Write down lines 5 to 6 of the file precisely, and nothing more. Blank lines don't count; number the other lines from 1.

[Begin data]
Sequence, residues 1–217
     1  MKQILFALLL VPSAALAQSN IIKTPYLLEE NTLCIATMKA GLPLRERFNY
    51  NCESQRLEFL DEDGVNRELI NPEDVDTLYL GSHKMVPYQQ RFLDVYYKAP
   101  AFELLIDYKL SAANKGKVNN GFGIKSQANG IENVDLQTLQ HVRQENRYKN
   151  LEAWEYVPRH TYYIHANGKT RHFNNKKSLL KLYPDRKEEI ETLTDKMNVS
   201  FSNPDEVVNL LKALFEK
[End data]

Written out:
   151  LEAWEYVPRH TYYIHANGKT RHFNNKKSLL KLYPDRKEEI ETLTDKMNVS
   201  FSNPDEVVNL LKALFEK